Exploring Martian impact craters: what they can reveal about the subsurface and why they are important in the search for life

Schwenzer, S. P.; Abramov, O.; Allen, C. C.; Clifford, S.; Filiberto, J.; Kring, D. A.; Lasue, J.; McGovern, P. J.; Newsom, H. E.; Treiman, A.; Vaniman, D. T.; Wiens, R. C. and Wittmann, A. (2010). Exploring Martian impact craters: what they can reveal about the subsurface and why they are important in the search for life. In: 41st Lunar and Planetary Science Conference, 01-05 Mar 2010, Houston, TX, USA.

URL: http://www.lpi.usra.edu/meetings/lpsc2010/pdf/1589...

Abstract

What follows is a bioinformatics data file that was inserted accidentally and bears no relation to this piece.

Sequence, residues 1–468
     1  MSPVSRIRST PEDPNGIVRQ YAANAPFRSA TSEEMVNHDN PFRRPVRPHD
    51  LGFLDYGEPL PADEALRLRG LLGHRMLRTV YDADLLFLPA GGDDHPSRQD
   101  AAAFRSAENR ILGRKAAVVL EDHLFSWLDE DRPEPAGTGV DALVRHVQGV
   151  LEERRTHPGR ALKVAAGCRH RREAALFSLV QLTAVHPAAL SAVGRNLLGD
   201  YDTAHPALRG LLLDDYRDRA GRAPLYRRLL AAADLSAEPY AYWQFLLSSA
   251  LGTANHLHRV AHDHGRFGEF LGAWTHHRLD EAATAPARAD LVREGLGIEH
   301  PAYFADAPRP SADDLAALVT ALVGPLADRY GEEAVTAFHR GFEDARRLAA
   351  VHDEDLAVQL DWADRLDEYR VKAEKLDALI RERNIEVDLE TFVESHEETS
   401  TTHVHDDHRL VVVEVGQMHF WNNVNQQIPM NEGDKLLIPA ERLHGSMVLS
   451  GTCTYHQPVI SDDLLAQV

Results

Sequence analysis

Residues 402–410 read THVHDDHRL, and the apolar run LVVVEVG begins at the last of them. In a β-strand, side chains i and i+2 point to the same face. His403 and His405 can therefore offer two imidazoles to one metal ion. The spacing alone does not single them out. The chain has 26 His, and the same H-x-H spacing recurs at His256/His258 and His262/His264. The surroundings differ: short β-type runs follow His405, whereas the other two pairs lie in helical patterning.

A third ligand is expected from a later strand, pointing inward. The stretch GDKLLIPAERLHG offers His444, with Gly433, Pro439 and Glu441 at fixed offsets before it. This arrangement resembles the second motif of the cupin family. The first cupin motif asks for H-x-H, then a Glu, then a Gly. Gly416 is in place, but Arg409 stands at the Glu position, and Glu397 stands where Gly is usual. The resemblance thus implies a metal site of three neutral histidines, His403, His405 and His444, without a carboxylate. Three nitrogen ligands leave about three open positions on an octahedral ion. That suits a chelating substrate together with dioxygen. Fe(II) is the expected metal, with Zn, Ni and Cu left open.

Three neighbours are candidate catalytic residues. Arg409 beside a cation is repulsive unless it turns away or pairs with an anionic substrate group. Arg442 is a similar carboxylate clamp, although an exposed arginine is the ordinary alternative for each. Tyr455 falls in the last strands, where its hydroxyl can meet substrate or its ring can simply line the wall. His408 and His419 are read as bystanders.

During the Noachian period impact cratering was the dominant geological process on Early Mars and the contemporary Earth and Moon. Therefore, impact craters are important targets for Mars exploration. Investigation of these craters will advance our understanding of impact processes and their interaction with the water-bearing Martian crust. Impact craters disturbed and heated this water-bearing crust, and likely initiated long-lived hydrothermal systems that may have created (local) clement environments for life and formed secondary minerals. Impact-heat-generated lakes may also have formed. Thus, Noachian impact craters are particularly important exploration targets, providing subsurface access, data on crucial geological processes, and warm, waterrich environments possibly conducive to life. Even if those craters are partially buried by younger geologic deposits, more recent small craters can penetrate those deposits and expose subsurface strata and hydrothermally altered material for study.

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